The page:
On 1 February 2013, I started a global movement called World Hijab Day in the hope for a more tolerant world where we can coexist irrespective of our faith or race. On this day, I openly invite women of all faiths to wear the Muslim head covering the hijab for a day. The idea came from my personal experience. After moving from Bangalesh to New York City with my family at the age of 11, I hardly spoke a world of English and was the only person wearing a hijab in my school.
Because of that simple piece of fabric, I was abused verbally and physically throughout junior and high school. Just walking from one class to another, students would push or kick me in the middle of the hallway, or joyfully wait outside my classroom to pull off my hijab. Some of my scariest moments as a child were as I left school for the day, when students would surround me on the streets to make fun of my hijab and spit at me. If I came across group of teenagers on the street, I would cross the street to get to the other side. I still do that sometimes, even though I'm an adult now. I guess the effect of some incidents last a lifetime.
After 9/11, things got even worse and everyday life became quite hard. For example, once I went to a local pharmacy, a woman looked at me and shouted out, "You terrorist, Osama Bin Laden!". It was even worse on the streets of NYC. I was chased many times.
The looks that I used to get from the fellow passengers when I was using public transport made me feel extremely uncomfortable. Some of them refused to sit next to me or would intentionally knock into me. I felt helpless, and I lived in fear.
Fast forward to 2010 and I decided to launch an online hijab store. I choose to wear a hijab because it allows me to make a statement about my identity as a Muslim woman, but that choice came at a cost. I wanted other women to have a support system and somewhere to share their experiences – and women from around the world shared their stories with me. One teenage girl from the UK told me about how kids in the her class would chew gum and spit it at her hijab to make everyone laugh. I received many messages from women who faced discrimination at work, were refused jobs and were even fired because of their headscarf.
I thought about how I could help these women. In order to try and change that same experience for another isolated and terrified child, or the hardships faced unfairly by many Muslim women across the globe due to their hijab, I asked women in all faiths to join me for a day.
The movement was launched using social media, and the response was unbelievable. In just eight days, 67 countries responded to my call. Women from different religious backgrounds including Jewish, Christian, Buddhist, Pagan, Hindu and atheists took part in World Hijab Day. By 2015, people from more than 200 countries participated. The reach on my World Hijab Day Facebook fan page surpassed 11 million people.
This global movement has been endorsed by celebrities and prominent political figures such as Dr Amina Sambo, wife of the vice-president of Nigeria, and world-renowned Muslim scholar Mufti Ismail Menk. In addition, events are being hosted worldwide by World Hijab Day Ambassadors and volunteers to educate, engage and inspire the public at large. These events range from a Peace Walk in Ghana, a theatrical play in Trinidad and Tobago, interfaith dialogue at a Church in New York, non-Muslim assemblywomen trying on the hijab at a Parliament in the Philippines, to a non-Muslim fourth-grader educating her classmates about the hijab in Canada.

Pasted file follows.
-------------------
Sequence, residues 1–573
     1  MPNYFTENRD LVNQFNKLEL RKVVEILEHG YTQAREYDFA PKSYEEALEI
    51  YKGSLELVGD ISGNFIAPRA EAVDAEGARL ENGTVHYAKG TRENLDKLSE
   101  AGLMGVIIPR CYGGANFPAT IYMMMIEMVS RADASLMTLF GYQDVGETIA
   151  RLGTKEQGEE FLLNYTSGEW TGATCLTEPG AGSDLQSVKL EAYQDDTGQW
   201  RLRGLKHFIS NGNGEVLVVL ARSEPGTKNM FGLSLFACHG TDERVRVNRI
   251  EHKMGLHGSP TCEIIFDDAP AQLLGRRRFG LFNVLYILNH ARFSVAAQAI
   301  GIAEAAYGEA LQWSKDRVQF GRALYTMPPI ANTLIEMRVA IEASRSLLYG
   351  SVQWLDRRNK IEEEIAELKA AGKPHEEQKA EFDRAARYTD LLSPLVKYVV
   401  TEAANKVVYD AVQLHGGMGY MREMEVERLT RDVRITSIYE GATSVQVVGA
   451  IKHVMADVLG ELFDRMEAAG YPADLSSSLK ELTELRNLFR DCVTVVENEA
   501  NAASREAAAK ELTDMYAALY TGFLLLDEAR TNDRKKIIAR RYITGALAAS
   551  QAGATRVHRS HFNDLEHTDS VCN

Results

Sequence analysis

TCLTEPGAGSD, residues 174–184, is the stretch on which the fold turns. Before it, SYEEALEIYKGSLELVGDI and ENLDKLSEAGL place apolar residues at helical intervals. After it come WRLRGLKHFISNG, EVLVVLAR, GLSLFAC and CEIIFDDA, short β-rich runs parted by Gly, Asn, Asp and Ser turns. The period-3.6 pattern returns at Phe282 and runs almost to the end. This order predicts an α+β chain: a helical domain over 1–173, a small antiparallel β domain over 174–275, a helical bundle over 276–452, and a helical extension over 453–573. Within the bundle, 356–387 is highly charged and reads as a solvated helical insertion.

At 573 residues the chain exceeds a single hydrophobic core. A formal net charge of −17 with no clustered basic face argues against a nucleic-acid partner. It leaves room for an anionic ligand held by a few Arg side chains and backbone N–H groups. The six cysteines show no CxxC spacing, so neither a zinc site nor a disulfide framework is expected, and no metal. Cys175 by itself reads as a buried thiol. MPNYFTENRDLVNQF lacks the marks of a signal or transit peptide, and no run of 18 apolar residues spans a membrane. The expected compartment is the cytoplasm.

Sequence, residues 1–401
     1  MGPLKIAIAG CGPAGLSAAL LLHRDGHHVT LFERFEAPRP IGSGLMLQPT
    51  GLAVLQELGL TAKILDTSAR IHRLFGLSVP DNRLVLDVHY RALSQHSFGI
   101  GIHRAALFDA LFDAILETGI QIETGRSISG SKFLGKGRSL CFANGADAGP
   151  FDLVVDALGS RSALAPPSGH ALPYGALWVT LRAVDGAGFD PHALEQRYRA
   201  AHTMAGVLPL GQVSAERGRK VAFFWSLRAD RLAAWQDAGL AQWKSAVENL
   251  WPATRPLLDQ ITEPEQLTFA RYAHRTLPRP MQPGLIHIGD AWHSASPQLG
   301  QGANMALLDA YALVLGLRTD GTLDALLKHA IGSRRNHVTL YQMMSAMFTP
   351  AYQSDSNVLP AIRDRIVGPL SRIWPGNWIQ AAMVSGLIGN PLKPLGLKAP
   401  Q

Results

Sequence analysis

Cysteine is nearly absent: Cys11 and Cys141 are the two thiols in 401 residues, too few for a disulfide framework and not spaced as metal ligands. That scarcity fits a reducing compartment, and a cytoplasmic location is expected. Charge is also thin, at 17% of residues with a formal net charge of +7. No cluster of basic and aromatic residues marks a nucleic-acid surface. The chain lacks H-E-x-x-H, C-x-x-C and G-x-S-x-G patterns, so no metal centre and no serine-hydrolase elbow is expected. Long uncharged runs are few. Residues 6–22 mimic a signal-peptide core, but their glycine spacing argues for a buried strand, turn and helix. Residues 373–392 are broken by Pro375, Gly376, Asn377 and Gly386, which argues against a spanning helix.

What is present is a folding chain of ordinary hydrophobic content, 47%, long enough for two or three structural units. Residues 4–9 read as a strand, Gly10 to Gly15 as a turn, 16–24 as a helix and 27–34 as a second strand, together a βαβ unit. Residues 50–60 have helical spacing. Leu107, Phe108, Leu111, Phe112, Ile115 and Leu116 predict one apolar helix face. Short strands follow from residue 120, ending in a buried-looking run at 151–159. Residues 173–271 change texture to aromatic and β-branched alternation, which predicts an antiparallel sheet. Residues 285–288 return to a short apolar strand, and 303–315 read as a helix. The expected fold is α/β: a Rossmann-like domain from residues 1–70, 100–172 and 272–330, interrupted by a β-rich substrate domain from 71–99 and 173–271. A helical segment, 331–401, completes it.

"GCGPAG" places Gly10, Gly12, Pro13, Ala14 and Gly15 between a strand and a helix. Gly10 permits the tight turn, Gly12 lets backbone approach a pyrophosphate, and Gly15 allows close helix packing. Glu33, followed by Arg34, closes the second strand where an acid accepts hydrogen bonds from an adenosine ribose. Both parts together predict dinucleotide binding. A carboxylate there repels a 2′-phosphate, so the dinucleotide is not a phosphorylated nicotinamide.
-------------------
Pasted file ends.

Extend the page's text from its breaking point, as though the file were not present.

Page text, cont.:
With the political and social climate today, we need a movement that unites us instead of dividing us because of ignorant rhetoric. Only when we walk in the shoes of others can we truly understand and appreciate their values and struggles. My hope for this day is that it promotes peace, tolerance and coexistence – which, sadly, our world is in desperate need of.
Here are some testimonies of some past World Hijab Day participants:
"I participated in World Hijab Day and it was a good experience that I will repeat. I live in a very small, very Christian town. There were some strange looks and people were staring at me – and then looking away quickly when they realised I saw them looking. A few people seemed surprised that I spoke English. The fact that I was wearing hijab gave me the opportunity to talk to my stepchildren about respect, difference and peace."
Talya Leodari, Jewish, US
"Wearing the Hijab was an incredibly powerful experience. I felt liberated from society's view that dictates the latest fashion trends – in fact, never did I feel as regal as I did today. I stood tall with my head held high and felt in control of my image, beautiful and strong. Today, I wore the hijab in honour of my student, and her mother, who reminded me that one simple gesture can positively impact upon someone else's life. Thank you for granting me with this unforgettable experience!"
Cyndy, Catholic, US
"My daughter Emma (eight years old), sporting her favourite scarf. She said she got called names, but she kept wearing it and it didn't seem to bother her. We are Christians but love our Muslim sisters! She wants to involve her school next year."
Kerri-Jo Stewart, Canada
"I greatly respect women who wear hijab every day. I found it quite comfortable actually, and the anonymity was kind of nice. It was a good experience. I'm still confused however as to why some people seem to equate hijab with oppression. I found nothing oppressive about covering my head at all – on the contrary, it was liberating not having to constantly worry about my hair."
Tia StoneJaa, US
"It's commonly believed that wearing a veil is a form of sexual discrimination. I didn't find it to be so. To my surprise, the veil was strangely liberating – an unapologetic form of self-expression."
Joe Galvez, Catholic, Philippines